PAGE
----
Do you guys remember cable? The weekly episodes of “Gossip Girl” and “Pretty Little Liars?” Do you remember the insane discussions, crazy theories and detailed analyses that come after a cliffhanger? The sheer anticipation of waiting for an episode to finally air?
Yeah, I almost forgot, too.
Going two months into the quarantine has left a lot of people with a limited number of activities they can do for leisure. Aside from baking and re-creating TikTok dances, a lot of people have found themselves spending hours catching up on the backlog of TV shows they’ve promised to watch or to discover new shows that would help them pass the time.
The beginning of quarantine saw “Tiger King” (editor’s note: #JusticeForCaroleBaskin) and the 4th season of “Money Heist” premiere on Netflix, leaving many viewers glued to their couches for hours on end. Interest in Korean dramas also increased because of new titles like “Itaewon Class” and “Crash Landing on You.”
The first few shows I watched in quarantine were fun: The hours I would spend in front of my laptop, totally immersed in the world of the show, gave me a much-needed reprieve from facing the horrors of life. It also helped me quell my boredom and gave me something to look forward to during my downtime from remote work.
But then…it got boring.
My neck, my back, my butt and my mind started to hurt, the events of each episode started to blur together, I started falling asleep in between episodes, and for the TV shows I got to finish, I didn’t even post about them online or talk to anyone about it. Looking back, I wish I had paced myself, not just so I would have something to watch now, but also so that I can enjoy the shows for as long as I can.
So in an attempt to warn you, here are some reasons that will make you reconsider quarantine’s most exhausting activity.
Cliffhangers mean almost nothing now
What I love about consuming movies and TV shows is the sense of mystery and wonder it gives. I absolutely love it when shows leave me hanging on the edge of my seat, wanting to know more about what happens next, but never giving me the satisfaction. Until a week later, of course.
Having surprises that are actually surprising can be difficult if a mystery or a plot twist can be resolved with a simple click of the next episode button. Unless the plot twist puts the characters in the middle of very high stakes or totally turns the show around, there’s no thrill in watching the next episode because it will be explained in a minute anyway.
Cliffhangers can be double-edged swords. Too much of it can be criticized as lazy writing but the lack of it can make a show incredibly boring. When done and paced correctly, cliffhangers and plot twists can elevate storytelling, up the ante and the stakes that characters have to contend with while simultaneously keeping audiences hooked. When shows are dropped in a day, the most shocking and exciting cliffhangers usually aren’t until the season finale. And if you have to sit through eight or more episodes before the adrenaline starts running, it kinda kills the hype, don’t you think?
Shows become easily forgettable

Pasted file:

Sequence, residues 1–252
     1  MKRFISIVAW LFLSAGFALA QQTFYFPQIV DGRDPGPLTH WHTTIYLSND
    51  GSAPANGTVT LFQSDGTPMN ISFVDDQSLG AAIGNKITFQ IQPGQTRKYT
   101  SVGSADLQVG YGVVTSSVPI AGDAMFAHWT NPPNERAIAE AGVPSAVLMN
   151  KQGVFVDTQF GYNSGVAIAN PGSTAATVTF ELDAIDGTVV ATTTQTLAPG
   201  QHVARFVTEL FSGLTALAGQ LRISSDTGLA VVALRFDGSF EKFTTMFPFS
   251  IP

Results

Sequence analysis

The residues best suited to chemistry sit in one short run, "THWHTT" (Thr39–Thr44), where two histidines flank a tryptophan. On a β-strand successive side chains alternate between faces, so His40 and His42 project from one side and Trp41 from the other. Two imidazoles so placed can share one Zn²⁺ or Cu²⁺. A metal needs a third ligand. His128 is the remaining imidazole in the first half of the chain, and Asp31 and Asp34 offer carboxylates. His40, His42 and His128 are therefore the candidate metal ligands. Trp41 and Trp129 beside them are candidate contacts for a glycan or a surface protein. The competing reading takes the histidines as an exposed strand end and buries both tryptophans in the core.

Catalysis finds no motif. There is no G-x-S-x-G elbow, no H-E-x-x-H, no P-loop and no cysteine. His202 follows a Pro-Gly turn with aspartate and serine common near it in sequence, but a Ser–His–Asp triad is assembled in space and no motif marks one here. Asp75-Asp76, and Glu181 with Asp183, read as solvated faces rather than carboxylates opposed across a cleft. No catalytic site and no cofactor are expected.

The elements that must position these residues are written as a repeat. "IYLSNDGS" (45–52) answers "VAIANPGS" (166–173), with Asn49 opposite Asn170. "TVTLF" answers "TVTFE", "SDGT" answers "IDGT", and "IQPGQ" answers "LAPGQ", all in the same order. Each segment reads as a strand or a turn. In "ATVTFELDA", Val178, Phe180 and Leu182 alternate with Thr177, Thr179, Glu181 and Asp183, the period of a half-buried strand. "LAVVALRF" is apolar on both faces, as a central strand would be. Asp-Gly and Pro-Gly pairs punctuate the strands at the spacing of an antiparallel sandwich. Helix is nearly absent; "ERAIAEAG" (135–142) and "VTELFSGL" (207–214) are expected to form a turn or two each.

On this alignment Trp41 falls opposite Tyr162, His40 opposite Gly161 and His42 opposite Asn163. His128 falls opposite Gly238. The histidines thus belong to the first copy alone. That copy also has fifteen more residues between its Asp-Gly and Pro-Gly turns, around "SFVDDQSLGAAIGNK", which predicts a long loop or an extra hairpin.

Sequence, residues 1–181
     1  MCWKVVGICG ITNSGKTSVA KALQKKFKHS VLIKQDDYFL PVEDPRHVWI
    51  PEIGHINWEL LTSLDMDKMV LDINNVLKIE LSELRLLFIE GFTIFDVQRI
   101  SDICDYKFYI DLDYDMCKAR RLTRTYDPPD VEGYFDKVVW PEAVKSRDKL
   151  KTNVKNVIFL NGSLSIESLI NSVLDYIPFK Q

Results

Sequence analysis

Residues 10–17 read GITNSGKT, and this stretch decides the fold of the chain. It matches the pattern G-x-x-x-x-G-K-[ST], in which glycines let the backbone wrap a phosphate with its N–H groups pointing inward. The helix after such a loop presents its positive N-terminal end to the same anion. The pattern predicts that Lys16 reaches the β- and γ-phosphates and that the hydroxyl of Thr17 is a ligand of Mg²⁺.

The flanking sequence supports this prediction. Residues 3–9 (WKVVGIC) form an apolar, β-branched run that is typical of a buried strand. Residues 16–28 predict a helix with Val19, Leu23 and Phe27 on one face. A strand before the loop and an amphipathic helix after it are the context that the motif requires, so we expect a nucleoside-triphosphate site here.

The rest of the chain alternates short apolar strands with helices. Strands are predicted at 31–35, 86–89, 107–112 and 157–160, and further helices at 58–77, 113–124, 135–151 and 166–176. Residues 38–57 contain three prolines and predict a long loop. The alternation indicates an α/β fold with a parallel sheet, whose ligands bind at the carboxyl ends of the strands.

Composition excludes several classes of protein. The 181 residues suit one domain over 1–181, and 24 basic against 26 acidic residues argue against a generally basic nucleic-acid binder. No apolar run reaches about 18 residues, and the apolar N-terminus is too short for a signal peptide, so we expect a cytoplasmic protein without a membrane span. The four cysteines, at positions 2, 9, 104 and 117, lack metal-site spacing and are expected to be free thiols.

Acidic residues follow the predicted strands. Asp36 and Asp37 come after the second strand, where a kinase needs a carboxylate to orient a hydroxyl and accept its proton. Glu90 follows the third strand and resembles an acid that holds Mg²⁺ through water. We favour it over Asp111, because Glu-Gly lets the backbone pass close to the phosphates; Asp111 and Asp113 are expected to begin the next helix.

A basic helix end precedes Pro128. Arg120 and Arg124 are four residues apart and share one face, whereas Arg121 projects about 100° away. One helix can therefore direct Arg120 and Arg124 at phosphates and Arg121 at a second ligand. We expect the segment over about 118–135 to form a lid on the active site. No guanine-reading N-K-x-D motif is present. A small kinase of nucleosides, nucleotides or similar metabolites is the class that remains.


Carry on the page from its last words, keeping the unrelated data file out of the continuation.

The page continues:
Aside from a quick search to see what critics say about it and a few retweets if the show’s material is rich or funny enough to be made into memes, I honestly forget it pretty quickly. The last show I binged was Apple TV’s “Dickinson” and the only thing I remember about it is that Emily Dickinson was apparently gay and Wiz Khalifa can play a whimsical personification of Death.
Because binge-watching is an activity that allows me to finish a show in a day (if I’m not busy) or two (if I have to catch up on deadlines), it doesn’t take too long for me to find another show to watch next or to have my mind occupied by an entirely different thing.
According to the AV Club, taking breaks between episodes can help the story stick and become reinforced in your memory. If a new episode is released every week, it’s more likely that people will talk about it for a longer time as compared to the short-lived presence of a show that’s already entirely available to be finished in a snap. Although this might work for established shows, new shows might not be able to get as much engagement when users can finish it in a day. Waiting for a year for the next season to drop isn’t exactly the gay longing™ I was hoping for.
It’s a mind-numbing way of consuming content
Some shows that have stayed vividly in my mind this quarantine is “RuPaul’s Drag Race” and “The King: Eternal Monarch.” These shows release episodes on a weekly basis, giving me time to converse with my sisters and other fans as a way to process the events of an episode and to build anticipation for what’s next. Other shows that Netflix isn’t directly producing, like “Riverdale,” “Hospital Playlist,” and “Rick and Morty” still release episodes weekly, but for most of the content on Netflix, that’s really not the norm.
Watching episodes back-to-back-to-back leaves me no room to think and I feel as if I’m just mindlessly watching images flash by. The shows I like to watch also tend to lean on the mystery and thriller side so it really requires attentiveness that I may no longer be able to muster around the fourth consecutive episode. According to NBC News, binge-watching too often can result in a viewer being starved to death emotionally as well as becoming more disconnected from human interaction
I doubt that anyone will drop the binge-watching parties soon. But having too much of one thing can be pretty exhausting. Maybe it’s also because we’ve all been stuck in quarantine for a little too long already, as the government has yet to roll out its mass testing plans—but I’m seriously considering pacing myself with TV shows until further notice…until of course season five of “Money Heist” drops.
Art by Dana Calvo
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